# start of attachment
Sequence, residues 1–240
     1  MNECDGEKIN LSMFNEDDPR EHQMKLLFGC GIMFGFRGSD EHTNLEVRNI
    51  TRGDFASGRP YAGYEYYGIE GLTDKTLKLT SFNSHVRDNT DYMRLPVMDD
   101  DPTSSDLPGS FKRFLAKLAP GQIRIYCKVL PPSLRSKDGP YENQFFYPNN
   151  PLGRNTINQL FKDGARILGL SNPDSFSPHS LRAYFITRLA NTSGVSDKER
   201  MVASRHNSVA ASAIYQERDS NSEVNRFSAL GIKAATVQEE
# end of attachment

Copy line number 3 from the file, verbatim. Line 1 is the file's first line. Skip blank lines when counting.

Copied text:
    51  TRGDFASGRP YAGYEYYGIE GLTDKTLKLT SFNSHVRDNT DYMRLPVMDD